What is subjective perception?

Subjective perception is the way an individual sees the physical world based on the functioning of their own brain and sensory systems. Each individual has a brain, sensory systems, and cognitive structures that differ from those of others. As such, it cannot be conclusively said that you hear or see exactly what other people hear or see. The problem of subjective perception is very important in philosophy, brain science, and psychology, and is a major barrier to establishing the conclusive objectivity of scientific findings. Perception can be shared only through communication, and there is no form of communication that can perfectly express perception from one person to another.

A commonly discussed example of subjective perception is the question of whether or not each person perceives color in the same way. Many people, even children, realize at some point that without being in someone else's mind, they can't tell if other people see the same "yellow" as they do. The light waves that reach each individual's eyes are the same, but it cannot be known whether the eyes and the brain process light waves in exactly the same way. Two different people's perceptions of the world could have subtle differences, or they could vary dramatically. The subjective nature of perception makes it impossible to know conclusively.

For some, subjective perception is simply an interesting topic to ponder, but it is extremely important to science. Many scientific experiments are based on observations, and non-quantitative observations are usually based on perception. However, perception does not provide a pure representation of the physical world, as sensory information passes through perceptual, neurological, and cognitive filters. You can't even know for sure that one person's filtered view of the world is the same as someone else's. This raises the question of how science can claim to present objective findings about the world when those findings are based on subjective perception.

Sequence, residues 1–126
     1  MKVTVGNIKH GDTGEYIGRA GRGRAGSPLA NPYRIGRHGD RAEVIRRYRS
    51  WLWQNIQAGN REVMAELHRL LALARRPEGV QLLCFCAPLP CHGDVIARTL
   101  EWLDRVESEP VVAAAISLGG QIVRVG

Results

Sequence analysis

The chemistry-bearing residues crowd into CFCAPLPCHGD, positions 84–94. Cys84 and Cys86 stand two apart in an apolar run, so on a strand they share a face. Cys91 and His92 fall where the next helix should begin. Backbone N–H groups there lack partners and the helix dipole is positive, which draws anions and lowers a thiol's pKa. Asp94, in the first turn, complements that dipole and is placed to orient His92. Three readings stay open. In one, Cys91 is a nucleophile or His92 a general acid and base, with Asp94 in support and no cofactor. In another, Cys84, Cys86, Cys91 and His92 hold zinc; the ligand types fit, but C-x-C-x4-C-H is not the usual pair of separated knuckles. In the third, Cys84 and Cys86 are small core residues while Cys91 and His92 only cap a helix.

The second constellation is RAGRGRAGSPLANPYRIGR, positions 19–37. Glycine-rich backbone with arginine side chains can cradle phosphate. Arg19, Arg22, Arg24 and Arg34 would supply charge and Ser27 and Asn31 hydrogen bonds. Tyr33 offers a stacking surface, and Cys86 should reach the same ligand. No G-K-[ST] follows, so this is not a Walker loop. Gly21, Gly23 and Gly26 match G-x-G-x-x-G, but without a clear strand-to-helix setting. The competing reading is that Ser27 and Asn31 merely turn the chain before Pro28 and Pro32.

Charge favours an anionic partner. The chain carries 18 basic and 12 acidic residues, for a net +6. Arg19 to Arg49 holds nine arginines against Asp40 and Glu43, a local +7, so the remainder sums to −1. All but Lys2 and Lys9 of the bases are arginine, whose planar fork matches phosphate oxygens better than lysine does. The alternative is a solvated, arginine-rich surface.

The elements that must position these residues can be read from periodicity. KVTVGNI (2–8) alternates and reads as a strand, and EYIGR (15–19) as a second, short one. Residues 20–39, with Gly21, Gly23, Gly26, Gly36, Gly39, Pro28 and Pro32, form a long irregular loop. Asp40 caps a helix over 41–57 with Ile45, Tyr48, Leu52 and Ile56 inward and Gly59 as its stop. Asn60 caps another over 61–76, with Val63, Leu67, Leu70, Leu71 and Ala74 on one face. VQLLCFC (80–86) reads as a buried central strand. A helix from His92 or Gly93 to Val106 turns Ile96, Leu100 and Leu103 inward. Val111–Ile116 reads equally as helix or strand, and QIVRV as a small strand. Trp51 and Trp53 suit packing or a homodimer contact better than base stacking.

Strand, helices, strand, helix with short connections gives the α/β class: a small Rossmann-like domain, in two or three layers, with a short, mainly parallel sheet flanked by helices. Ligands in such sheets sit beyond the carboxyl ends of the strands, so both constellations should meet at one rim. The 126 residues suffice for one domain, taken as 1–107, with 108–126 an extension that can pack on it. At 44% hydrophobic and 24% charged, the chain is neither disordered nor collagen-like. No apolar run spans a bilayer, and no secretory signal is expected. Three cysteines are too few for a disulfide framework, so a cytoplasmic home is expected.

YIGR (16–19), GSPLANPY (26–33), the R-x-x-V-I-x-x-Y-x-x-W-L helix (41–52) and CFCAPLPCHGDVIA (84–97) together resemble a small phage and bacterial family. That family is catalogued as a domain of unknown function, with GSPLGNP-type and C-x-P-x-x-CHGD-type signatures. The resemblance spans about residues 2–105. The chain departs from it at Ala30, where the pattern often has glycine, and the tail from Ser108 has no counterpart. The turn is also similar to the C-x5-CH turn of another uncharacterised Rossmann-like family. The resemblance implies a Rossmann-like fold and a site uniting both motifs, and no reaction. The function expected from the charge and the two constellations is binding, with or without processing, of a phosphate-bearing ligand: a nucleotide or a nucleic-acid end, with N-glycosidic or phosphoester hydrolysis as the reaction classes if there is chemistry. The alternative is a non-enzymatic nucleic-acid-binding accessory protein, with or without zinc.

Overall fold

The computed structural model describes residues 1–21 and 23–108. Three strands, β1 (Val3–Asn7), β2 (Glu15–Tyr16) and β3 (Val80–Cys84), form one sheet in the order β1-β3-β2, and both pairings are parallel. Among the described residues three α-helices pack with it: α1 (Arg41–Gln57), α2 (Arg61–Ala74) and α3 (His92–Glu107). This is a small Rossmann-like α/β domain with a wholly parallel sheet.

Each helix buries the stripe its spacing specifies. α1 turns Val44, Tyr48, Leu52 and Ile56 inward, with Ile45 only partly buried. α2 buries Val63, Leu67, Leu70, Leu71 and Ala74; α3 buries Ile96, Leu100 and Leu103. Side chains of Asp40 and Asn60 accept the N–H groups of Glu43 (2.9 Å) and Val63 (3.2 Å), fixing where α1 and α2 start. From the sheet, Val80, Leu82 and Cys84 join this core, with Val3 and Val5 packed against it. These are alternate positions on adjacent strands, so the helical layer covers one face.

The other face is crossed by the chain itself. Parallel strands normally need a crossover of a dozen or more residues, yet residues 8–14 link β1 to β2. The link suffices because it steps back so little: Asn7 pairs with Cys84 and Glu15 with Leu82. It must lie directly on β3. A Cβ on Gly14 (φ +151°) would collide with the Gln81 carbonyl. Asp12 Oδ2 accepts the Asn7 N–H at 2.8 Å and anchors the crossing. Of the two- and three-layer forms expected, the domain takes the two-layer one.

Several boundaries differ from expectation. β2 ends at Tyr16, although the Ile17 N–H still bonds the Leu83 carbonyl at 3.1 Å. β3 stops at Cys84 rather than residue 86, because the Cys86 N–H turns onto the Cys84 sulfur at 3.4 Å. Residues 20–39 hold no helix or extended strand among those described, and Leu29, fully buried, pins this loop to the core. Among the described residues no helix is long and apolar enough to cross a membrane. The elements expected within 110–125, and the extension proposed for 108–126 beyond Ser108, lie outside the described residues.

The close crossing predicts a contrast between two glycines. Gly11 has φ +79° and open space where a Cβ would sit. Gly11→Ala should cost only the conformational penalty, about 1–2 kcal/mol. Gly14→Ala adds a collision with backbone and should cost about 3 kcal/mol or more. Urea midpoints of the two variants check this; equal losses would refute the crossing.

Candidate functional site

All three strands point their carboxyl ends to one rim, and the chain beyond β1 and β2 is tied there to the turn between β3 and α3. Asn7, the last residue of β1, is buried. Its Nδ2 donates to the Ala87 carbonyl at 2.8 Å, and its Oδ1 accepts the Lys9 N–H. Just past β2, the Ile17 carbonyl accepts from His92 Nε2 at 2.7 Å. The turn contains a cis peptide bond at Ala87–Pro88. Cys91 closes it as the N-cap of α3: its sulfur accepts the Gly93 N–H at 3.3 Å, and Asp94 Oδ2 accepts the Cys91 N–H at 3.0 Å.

Throughout history, many different philosophers have pondered and written on the subject of subjective perception. Some claim that although people cannot directly know the physical world, human perception is sufficient to allow reasonable discussion and study of the perceived world. Others take subjective perception to an extreme and claim that there is no objective external world, or at least that the external world is completely unknowable and that trying to explore and understand it is completely useless. Since there is no clear solution to these problems, subjective perception remains an important philosophical topic.

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